Can my standards be in a different solvent than my samples?

My samples are typically in heptane and my standards are in either acetone/heptane, heptane, or methanol.  Would there be an effect on quantitation?  I am using a S/SL injector at 240C with a 10:1 split flow (hydrogen).  Thanks!

  • Hi

    Good question.

    Generally, In chromatograohy, Quantitation done by peak area or peak height.

    So, if you are regulated by peak area then different solvent can inject but if you are regulated by peak height then different solvent will affect result due to peak distortion..

    Seperation and good peak area or height are concerned here.

  • Hi Anatoly,

    if the vapour pressures of the solvents are comparable it doesn't matter that you inject different solvents and even if they are very different like water vs. any organic solvent, the error is small. 

    In direct injections and cold-on-column it doesn't matter at all. For split you might loose a little due to more or less vapour in the injector and therefore more or less leaving through the septum purge. In your case I wouldn't worry.

    Anyway you can dissolve the same amount of a component in both solvents, inject them separately under the same conditions, and compare their peak areas (FID) or peak heights (TCD) and calculate a correction factor. In reality nobody does Smiley.



  • Hi Anatoly,

    Actually I'll have to agree and disagree with .

    I was developing a method to quantify amylene in dichloromethane, first on a GC-MS, then on a GC-FID.

    Amylene has a boiling point (Bp) lower than CH2Cl2 and lower than any of the other solvents I had available in the lab to prepare my calibration solutions. So I started to try several, that wouldn't have the same m/z peaks (I was going to run in SIM mode) and I had to tweak the injector temperature and column starting temperature. This was not easy when Bp's were quite different.

    Since the amylene peak would come out before the solvent, the nature of the solvent was influencing the shape of the peak. Because I want peak symmetry between 0.8 and 1.2, that was an issue. So I settled for a solvent very similar to CH2Cl2 but without amylene as stabilizer of course. The best would have been to use CH2Cl2 stabilized with something else but that did not happen.

    Another issue is when I inject pure compounds for traces quantification. There is no solvent for the sample but I have to have one for the calibration solutions. That's where I use and internal standard to compensate for any differences (like viscosity) between the sample and the solvent of the standards.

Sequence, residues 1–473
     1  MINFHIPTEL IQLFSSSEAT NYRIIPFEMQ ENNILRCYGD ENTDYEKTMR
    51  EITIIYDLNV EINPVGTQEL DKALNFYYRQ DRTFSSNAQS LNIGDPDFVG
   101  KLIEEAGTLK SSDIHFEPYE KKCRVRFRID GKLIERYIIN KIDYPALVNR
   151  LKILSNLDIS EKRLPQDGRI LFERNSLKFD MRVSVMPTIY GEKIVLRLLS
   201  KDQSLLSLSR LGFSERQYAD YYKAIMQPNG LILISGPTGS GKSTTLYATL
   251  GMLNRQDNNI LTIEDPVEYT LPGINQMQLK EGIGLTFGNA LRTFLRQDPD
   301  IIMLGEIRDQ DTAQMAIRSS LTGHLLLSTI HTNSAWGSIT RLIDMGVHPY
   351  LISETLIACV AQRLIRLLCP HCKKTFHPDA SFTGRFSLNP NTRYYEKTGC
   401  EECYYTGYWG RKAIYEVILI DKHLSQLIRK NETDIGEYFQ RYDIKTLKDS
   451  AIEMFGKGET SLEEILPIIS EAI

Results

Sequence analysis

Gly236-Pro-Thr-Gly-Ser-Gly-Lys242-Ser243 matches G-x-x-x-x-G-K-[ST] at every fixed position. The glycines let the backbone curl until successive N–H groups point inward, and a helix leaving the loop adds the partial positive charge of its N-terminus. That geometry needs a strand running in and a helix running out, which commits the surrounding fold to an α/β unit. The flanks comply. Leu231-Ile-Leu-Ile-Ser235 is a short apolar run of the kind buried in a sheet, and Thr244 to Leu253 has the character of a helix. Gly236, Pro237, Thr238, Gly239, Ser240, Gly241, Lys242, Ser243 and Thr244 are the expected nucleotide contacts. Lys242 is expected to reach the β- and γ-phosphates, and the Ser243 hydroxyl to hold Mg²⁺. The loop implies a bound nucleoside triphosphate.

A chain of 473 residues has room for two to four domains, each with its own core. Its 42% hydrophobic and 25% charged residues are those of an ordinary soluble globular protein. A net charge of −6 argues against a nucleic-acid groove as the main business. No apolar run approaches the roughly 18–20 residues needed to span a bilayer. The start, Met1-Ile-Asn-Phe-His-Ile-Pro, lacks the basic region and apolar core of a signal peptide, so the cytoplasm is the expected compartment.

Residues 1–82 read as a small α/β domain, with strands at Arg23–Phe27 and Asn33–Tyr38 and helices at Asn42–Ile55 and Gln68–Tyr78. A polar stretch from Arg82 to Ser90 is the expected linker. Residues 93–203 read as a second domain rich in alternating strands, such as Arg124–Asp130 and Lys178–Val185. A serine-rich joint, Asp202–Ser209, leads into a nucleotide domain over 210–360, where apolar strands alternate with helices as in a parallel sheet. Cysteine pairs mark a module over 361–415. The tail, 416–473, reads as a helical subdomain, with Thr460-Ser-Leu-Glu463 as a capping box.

Btw: you are aware that hydrogen can reduce unsaturated compounds on hot metallic parts?

  • Now it's me to agree/disagree. Low boiling hydrocarbons and GC/MS can be a different story than classical detectors, especially because a MS is not fully rate-sensitive AND not fully concentration-sensitive (it switches sensitivities depending on amount of sample) and if EI or CI is used.

    Also in your case the type of phase/column and its (over)loading behaviour plays a role. In those cases it would be best to use a higher boiling solvent instead one close to the bp of the analyte (yes, you tried it but there might be a better solvent). And this would be true for very low polarity phases (close to bp separation for hydrocarbons), not more polar ones (Waxes as phase, polar organics as analytes) or PLOT.

    Maybe the original submitter can shed some light on what analytes need to be analyzed and what phase is used. Same would be true for you otherwise we keep speculating.

  • Nice discussion between csiquet_flex2000 and Dr.No.. But what about my comments i mentioned in this thread...

  • Hi ISH,

    peak area calibration is used for rate-sensitive detectors, peak height calibration is for concentration-sensitive detectors. Peak area is the first case is (almost) independent of retention or asymmetry, at least within some limits. Peak height is the same, but the peak area of these peaks is directly dependent of retention. As software often is used in peak area mode, even for concentration-dependent detectors you will get errors when a peak shifts due to being on the tail of a solvent peak. This is because your analytes interaction is not only with the stationary phase itself, but a solvent-saturated stationary phase, this changes selectivity. And ... you need good separation, true.

  • The GC-MS was only used to know where my analyte (amylene) was during method development because, most of the time, it was hidden within the solvent peak. As my sample is dichloromethane (with some ppm of amylene), I tried to stay in its boiling and polarity range when choosing the solvent for the standards.

    The method was then 'translated' for a GC-FID. Columns phase is HP-5.

    So I was just trying to explain that solvent choice was not straightforward for this method. Maybe because the analyte is a small molecule with a low Bp (38ºC) within a solvent with similar Bp (39,6ºC). Furthermore, even with a lab conditioned at 23ºC, it's not easy to have a column temp below 28ºC when trying to condensate the sample in it.

    So, as I said in another thread, I am still on the learning curve of GC and GC-MS and I appreciate all the insights.

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